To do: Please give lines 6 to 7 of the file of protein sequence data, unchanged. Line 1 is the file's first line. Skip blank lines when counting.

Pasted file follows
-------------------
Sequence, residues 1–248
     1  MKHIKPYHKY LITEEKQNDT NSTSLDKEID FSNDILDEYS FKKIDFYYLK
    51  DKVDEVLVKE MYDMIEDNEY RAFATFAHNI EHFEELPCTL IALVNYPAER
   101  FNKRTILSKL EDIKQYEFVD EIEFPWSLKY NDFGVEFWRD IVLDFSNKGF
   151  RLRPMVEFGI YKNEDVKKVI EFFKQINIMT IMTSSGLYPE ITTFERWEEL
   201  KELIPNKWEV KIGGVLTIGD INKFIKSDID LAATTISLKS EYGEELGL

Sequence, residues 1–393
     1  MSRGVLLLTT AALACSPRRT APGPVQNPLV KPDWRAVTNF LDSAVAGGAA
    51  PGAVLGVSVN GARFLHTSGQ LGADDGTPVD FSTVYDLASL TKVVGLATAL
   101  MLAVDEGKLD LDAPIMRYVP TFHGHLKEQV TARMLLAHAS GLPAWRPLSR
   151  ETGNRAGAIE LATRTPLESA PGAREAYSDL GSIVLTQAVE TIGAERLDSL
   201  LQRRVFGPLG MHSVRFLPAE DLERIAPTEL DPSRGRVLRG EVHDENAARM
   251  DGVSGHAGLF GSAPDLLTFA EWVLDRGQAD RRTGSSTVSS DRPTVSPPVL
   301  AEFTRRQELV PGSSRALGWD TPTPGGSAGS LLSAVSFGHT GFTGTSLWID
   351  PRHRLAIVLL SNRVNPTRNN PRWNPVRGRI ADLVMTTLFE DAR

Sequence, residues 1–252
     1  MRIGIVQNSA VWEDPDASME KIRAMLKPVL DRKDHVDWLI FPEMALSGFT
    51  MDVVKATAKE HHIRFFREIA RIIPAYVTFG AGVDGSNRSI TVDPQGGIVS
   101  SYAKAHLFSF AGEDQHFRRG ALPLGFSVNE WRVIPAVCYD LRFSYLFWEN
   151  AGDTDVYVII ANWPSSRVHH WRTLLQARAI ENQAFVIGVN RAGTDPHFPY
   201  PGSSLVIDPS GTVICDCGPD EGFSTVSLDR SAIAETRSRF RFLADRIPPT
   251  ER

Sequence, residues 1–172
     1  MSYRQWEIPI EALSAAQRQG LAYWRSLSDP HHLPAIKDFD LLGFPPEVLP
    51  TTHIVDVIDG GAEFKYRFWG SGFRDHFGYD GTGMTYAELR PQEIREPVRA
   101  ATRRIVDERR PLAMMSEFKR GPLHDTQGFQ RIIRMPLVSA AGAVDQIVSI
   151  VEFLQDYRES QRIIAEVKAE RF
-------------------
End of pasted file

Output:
   201  KELIPNKWEV KIGGVLTIGD INKFIKSDID LAATTISLKS EYGEELGL

Sequence, residues 1–393